Furthermore, exposure to specific antibiotics makes it favorable for the bacteria to grow and eventually become predominant. Likewise, some bacteria put up a fierce defense by naturally resisting antibiotic treatment.
Luckily, the US Food and Drug Administration released a declining antimicrobial resistance report in 2014. Although the matter is still not under control, responsible drug use can reduce resistance successfully.
Can Chickens Die from Too Much Amoxicillin?
Overuse of Amoxicillin may not kill chickens but can increase resistant bacteria. What’s more, affected birds may most likely develop stomach upsets and diarrhea from inappropriate use.
The bottom line is that too much Amoxicillin may become less effective to animals. The condition escalates and becomes difficult to treat in the long run, leading to an early death.
What are Other Antibiotics Safe for Chickens?
Apart from Amoxicillin, there are several other antibiotics you can use on poultry. Below are effective alternatives approved by the FDA.
This is a Tetracycline antibiotic mainly used in broilers to prevent and treat bacterial infections. Stakes are high that FDA may consider the drug for chicken growth promotion purposes soon.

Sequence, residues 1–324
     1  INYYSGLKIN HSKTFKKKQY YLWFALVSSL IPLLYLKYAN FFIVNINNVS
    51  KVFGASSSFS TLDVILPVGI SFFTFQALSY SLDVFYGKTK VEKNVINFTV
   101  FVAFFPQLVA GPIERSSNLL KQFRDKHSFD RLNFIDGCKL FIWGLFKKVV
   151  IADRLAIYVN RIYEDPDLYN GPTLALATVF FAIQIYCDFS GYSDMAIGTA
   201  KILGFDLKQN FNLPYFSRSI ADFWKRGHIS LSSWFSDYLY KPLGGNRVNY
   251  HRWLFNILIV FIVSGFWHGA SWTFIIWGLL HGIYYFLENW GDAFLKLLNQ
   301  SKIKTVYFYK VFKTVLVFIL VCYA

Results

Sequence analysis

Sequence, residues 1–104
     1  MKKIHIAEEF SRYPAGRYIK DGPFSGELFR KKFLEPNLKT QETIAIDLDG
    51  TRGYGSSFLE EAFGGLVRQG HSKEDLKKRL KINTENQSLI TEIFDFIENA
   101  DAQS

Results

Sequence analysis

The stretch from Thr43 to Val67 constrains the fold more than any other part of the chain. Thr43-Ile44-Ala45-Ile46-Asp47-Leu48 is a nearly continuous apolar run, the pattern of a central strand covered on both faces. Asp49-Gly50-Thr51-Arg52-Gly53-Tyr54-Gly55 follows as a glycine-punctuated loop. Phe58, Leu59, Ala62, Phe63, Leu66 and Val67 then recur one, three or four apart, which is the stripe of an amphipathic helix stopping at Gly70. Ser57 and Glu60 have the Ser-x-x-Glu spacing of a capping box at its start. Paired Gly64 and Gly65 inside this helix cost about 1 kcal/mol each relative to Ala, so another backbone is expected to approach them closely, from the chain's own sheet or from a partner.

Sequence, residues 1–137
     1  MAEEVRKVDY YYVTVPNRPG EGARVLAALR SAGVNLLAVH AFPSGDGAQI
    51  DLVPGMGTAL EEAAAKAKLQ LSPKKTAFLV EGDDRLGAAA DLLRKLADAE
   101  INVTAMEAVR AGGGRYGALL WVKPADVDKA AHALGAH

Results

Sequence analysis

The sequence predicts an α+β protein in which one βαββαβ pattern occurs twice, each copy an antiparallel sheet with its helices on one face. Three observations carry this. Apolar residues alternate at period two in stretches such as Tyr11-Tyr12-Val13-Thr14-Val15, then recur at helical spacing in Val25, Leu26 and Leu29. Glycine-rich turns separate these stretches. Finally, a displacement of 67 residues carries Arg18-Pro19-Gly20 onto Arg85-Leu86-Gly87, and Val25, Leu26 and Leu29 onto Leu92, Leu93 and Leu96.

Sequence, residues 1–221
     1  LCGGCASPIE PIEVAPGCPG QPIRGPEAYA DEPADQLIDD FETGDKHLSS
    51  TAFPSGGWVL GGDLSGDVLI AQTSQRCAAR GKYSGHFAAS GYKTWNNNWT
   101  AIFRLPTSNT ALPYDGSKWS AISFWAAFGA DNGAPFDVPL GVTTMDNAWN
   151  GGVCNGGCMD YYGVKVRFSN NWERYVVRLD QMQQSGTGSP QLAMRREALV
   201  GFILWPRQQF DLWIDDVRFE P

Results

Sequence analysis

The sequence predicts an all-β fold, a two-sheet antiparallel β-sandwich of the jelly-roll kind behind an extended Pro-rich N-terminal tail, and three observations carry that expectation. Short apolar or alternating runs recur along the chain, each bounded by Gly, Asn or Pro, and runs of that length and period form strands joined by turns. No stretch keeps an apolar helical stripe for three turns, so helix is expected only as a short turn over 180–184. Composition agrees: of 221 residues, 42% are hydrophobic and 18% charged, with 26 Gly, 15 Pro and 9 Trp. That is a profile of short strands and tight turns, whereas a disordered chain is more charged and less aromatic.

This antibiotic is ideal in preventing necrotic enteritis, an ailment caused by a bacterium known as Clostridium.
Experts recommend penicillin only to treat fowls affected by the rare gangrenous dermatitis. Similar to Chlortetracycline, FDA may phase out the drug for growth purposes.
Like Bacitracin, Tylosin works perfectly in preventing necrotic enteritis in poultry. The only difference is that this is a Macrolide antibiotic.
Another similar performing antibiotic on necrotic enteritis is Virginiamycin. Note that this is a Streptogramin antibiotic and not a Macrolide or Tetracycline.
This performance-enhancing drug works better when used in animal nutrition. Basically, it hinders bacterial wall synthesis and effectively treats Gram-positive pathogenic bacteria.
There is always a source of concern on whether available chicken meat contains antibiotics. According to federal rules slaughtering should only happen several days after antibiotics dosage. This ensures that the drug clears entirely from the animal’s system.
More on this, the U.S. Department of Agriculture, together with the FDA, works hand in hand to monitor and test antibiotic residues on meat sold in the market.